Keeping active at home - Physiotherapy advice during Covid-19

At Willen Hospice we are committed to supporting you to keep active, especially whilst there are restrictions in place and people are in isolation.

Why is physical activity important?

As humans, we are designed to move. Being active helps us in a variety of ways:

It helps to stop your body becoming weaker and weaker as the less you do can become a vicious circle and you do even less and so it goes on.  

Activity can help you feel less tired, less worried, stronger, more confident and makes doing general activities easier.  

Everyone is different, some like exercise, some don’t. Activity doesn’t have to be about doing exercises; it’s about finding activities that you enjoy doing to keep your body moving.

How much exercise is recommended?

The national guideline for adults is to do 150 minutes of moderate-intensity activity a week. Moderate-intensity means you get a little warm and breathe slightly faster (but still able to hold a conversation) when you are being active, this level will vary from person to person. 

It is also advised that people do strengthening exercises twice a week. 

If you are just starting activity, you need to gradually build this up, start with 10 minutes a day. 

Exercising Safely:

  • Start slowly and build up gradually

  • Do not exercise if you are unwell

  • Wear well-fitting footwear and comfortable clothing

  • Drink plenty of water

  • If you have bone problems, avoid high impact exercises such as running and zumba

  • Avoid uneven surfaces and activities that risk falling, especially if you have bone problems

  • If any exercise or activity causes or worsens pain or other symptoms, stop doing them and contact your health care professional

  • If you have lymphoedema, wear your garment if you have one and avoid heavy repetitive exercises

  • Avoid bending forwards if you have back or bone problem

Activities to do at home:

  • Everyone is different, every home is different. Here are a few ideas to help you to keep active, especially when you can’t go out or access leisure facilities. 

  • Find ways to get up more frequently from your chair: You could keep the TV remote next to the TV for example so you have to get up every time you need it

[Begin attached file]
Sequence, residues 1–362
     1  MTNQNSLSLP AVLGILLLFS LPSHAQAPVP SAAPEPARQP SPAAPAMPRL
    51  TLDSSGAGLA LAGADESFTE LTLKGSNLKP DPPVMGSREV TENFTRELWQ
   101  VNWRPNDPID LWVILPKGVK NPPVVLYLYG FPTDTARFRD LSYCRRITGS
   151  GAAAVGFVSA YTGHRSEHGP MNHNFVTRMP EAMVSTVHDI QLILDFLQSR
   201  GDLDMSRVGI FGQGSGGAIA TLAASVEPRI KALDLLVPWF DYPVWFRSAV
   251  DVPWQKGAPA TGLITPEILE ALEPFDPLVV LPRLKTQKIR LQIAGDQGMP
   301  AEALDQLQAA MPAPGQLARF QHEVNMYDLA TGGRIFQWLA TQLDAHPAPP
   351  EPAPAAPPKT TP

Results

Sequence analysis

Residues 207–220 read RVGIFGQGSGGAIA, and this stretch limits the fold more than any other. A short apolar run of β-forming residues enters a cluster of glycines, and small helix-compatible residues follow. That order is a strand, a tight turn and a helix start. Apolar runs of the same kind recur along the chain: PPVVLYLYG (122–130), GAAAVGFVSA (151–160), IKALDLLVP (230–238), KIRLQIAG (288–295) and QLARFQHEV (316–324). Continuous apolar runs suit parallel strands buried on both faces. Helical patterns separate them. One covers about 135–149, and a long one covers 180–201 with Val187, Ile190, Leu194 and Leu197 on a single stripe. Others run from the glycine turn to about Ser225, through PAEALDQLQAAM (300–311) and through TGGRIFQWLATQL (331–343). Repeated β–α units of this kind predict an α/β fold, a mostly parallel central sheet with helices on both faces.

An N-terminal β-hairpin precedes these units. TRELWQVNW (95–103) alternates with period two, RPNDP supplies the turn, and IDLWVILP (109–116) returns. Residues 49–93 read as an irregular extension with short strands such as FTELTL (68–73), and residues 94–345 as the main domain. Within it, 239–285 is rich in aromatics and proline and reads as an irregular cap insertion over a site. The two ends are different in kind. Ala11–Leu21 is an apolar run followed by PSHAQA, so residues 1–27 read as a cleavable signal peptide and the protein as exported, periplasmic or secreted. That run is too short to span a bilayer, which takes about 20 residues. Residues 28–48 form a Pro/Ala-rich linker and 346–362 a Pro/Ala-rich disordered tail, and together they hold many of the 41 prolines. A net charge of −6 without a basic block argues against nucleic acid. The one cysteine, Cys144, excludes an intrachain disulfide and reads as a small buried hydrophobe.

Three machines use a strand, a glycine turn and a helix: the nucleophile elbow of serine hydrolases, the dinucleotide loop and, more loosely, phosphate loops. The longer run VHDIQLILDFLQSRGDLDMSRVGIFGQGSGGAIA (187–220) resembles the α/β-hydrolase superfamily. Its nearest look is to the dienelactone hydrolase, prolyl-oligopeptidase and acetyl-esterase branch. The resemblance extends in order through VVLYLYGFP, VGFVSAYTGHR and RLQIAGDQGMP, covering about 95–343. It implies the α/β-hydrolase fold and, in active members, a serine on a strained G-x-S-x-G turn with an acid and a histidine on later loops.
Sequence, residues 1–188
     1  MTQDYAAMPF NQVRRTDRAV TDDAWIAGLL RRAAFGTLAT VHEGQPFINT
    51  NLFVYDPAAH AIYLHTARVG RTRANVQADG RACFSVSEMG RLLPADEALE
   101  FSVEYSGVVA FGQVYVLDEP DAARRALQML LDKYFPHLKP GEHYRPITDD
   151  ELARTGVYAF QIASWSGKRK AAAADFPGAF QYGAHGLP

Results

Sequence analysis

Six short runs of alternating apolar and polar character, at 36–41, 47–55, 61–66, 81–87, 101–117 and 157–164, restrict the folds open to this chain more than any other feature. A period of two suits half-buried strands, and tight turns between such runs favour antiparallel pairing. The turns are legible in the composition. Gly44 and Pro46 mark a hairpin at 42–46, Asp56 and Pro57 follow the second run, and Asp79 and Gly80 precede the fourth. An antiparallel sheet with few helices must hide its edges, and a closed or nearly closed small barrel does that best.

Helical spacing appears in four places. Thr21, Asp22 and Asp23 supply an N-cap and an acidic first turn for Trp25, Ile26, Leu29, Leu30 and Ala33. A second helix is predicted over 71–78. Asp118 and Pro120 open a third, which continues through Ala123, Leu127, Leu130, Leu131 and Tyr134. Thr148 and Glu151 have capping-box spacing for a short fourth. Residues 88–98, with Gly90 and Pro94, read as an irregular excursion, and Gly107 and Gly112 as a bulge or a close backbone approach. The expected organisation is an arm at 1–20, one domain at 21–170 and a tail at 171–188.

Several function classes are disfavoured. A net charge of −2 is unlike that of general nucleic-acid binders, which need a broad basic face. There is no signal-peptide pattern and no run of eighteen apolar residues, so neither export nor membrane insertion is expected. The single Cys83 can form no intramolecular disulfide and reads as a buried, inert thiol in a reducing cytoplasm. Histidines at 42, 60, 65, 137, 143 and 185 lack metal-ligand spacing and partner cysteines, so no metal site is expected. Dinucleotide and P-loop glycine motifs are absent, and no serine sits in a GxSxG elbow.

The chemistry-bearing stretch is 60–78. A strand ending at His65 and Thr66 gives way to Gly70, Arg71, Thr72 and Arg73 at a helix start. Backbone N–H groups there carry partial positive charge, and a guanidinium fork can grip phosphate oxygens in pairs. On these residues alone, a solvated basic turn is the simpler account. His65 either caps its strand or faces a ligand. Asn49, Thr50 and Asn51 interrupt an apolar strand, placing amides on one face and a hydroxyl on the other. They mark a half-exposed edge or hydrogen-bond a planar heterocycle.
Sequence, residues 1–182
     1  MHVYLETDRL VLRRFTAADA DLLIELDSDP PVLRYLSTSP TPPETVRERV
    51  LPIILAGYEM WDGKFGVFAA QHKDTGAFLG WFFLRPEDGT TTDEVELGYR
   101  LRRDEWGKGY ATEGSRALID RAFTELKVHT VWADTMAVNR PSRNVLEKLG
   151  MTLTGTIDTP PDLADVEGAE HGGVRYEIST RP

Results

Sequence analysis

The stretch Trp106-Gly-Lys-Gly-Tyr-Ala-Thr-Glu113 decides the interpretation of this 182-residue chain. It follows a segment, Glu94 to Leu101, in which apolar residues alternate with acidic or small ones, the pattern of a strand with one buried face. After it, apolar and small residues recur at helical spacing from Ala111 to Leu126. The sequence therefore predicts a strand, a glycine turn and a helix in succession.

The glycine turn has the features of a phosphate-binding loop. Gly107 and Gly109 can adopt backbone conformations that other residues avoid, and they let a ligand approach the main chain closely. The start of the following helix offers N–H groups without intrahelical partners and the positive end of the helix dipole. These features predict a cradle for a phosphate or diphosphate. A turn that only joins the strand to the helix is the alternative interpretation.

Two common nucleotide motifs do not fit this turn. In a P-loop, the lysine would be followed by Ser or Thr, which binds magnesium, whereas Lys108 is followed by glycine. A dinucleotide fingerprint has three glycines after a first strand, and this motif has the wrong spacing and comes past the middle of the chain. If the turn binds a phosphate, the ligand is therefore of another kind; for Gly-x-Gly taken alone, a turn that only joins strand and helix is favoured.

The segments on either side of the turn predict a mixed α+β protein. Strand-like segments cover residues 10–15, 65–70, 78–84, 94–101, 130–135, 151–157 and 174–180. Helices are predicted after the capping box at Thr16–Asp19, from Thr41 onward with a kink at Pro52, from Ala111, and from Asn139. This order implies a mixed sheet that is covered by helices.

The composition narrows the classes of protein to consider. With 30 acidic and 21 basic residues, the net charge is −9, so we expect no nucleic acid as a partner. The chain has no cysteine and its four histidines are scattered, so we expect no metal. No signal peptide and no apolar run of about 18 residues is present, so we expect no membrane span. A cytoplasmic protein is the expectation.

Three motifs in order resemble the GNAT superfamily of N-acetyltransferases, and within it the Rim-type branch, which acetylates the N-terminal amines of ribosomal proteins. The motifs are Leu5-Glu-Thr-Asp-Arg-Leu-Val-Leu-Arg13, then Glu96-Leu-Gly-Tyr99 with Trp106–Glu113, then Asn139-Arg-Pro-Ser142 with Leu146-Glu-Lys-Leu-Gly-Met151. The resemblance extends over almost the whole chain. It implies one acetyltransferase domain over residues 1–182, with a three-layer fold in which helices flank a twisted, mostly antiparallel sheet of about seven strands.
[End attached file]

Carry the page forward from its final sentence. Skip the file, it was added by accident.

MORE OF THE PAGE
• Use the stairs if you have them and can manage them safely: Maybe use the upstairs toilet during the day to encourage you to use the stairs more often

  • Do some house work – vacuuming or light dusting depending on the intensity levels you need

  • Go for a walk around your home or your garden – put a coat on if it’s cold outside but care if wet and rainy

  • Gardening is a lovely way to be active, being around nature is also very good for lifting your mood too. You can be digging, mowing, weeding, planting, potting, watering. Consider gardening at your garden table or using a small watering can for lighter exercise.  

Sticking to it:

  • Being active and doing exercises isn’t easy for everyone. There are a few ways to keep you on track:

  • Keep a diary – you will be able to see how much you do each time and how you improve

  • Stick to a regular routine, like taking you take medication at regular times, do so with exercise or activity. Set a timer on your phone or kitchen clock  

  • Try and find something that you like doing. If you can’t really think of something then do activity whilst doing something you like – for example do chair exercises when watching TV

  • Find an exercise buddy, you can send your buddy updates to motivate you

  • Don’t be hard on yourself if you miss a day, you are human. Try and get back on track as soon as possible

  • Loved ones can help to motivate you but be firm if you feel they are pushing you too much, it is important to do things at a pace and time that works for you
     

Resources and Links:

NHS advice on exercise

NHS Advice on activity for older people

Advice from the Royal College of Occupational Therapists

Macmillan Advice on Physical Activity for people with cancer

Chartered Society of Physiotherapy – Easy Exercise Guide

Watch a video on Coping With Breathlessness, presented by our own Physiotherapist, Nicola McKinnon.

Watch a video demonstrating Seated Exercises, again presented by Nicola McKinnon

In this video, Nicola McKinnon presents a series of Standing Exercises for you to do in the comfort of your own home.

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